On June 25, 2013 the European Union Court rendered an opinion by one of the Advocate General’s [read below about the court structure] in the case brought by Google vs. the Spanish Protection Agency. In the opinion, Advocate General Jääskinen, stated that he considered that search engine service providers, such as Google, are not responsible regarding the Data Protection Directive for personal data appearing on webpages they process. The opinion has three findings one of which addresses the issue of personal data and the “right to be forgotten” by the individual, if the individual wants the data posted to be removed. “the Directive does not establish a General ‘right to be forgotten’. Such a right cannot therefore be invoked against search engine service providers on the basis of the Directive even when it is interpreted in accordance with the Charter of Fundamental Rights of the European Union”.
The Advocate General’s Opinion is not binding on the Court of Justice It is the role of the Advocates General to propose to the Court, in complete independence, a legal solution to the cases for which they are responsible. The Judges of the Court are now beginning their deliberations in this case. Judgment will be given at a later date.
Therefore, we do not know at this time if this opinion will encourage the EU Council to cease the provision of “right to be forgotten” in their Proposed Data Protection Regulation. In addition, the section of the proposed regulation that pertains to historical research and documents would not necessarily be affected by the “right to be forgotten” .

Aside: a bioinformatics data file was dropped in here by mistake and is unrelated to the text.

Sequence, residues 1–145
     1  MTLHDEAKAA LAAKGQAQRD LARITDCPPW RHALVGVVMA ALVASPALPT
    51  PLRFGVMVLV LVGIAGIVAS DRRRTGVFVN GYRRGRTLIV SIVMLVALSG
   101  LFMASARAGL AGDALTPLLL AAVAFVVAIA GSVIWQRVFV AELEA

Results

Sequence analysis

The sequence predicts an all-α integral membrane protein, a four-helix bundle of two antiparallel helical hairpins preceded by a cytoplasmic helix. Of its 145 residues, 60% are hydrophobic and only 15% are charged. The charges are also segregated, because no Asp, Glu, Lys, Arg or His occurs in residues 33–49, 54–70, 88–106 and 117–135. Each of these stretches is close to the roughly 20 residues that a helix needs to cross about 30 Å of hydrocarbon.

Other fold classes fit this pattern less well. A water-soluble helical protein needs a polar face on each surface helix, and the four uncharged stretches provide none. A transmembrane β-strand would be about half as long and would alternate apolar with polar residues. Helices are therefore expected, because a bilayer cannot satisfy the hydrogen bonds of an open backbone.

European Court of Justice Structure
The European Court of Justice, based in Luxembourg interprets EU law to make certain it is applied in the same way in all EU countries. It also settles disputes between EU governments and EU institutions. There is one judge per EU country. The Court is helped by eight ‘advocates-general’ whose job is to present opinions on the cases brought before the Court. Advocates-general are only required to give their opinion on the case if the Court believes that the particular case raises a new point of law. The Court does not necessarily follow the advocate-general's opinion. To learn more about the EU Court go to: http://europa.eu/about-eu/institutions-bodies/court-justice/
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To read more about this court decision see: http://www.huffingtonpost.ca/2013/06/25/google-right-to-be-forgotten_n_3494542.html and http://euobserver.com/news/120650
Thank you to Eden Joachim, President of the LitVak SIG for providing us with information on the Court’s Advocate General opinion.
Jan Meisels Allen
IAJGS Vice President
Chairperson, IAJGS Public Records Access Monitoring Committee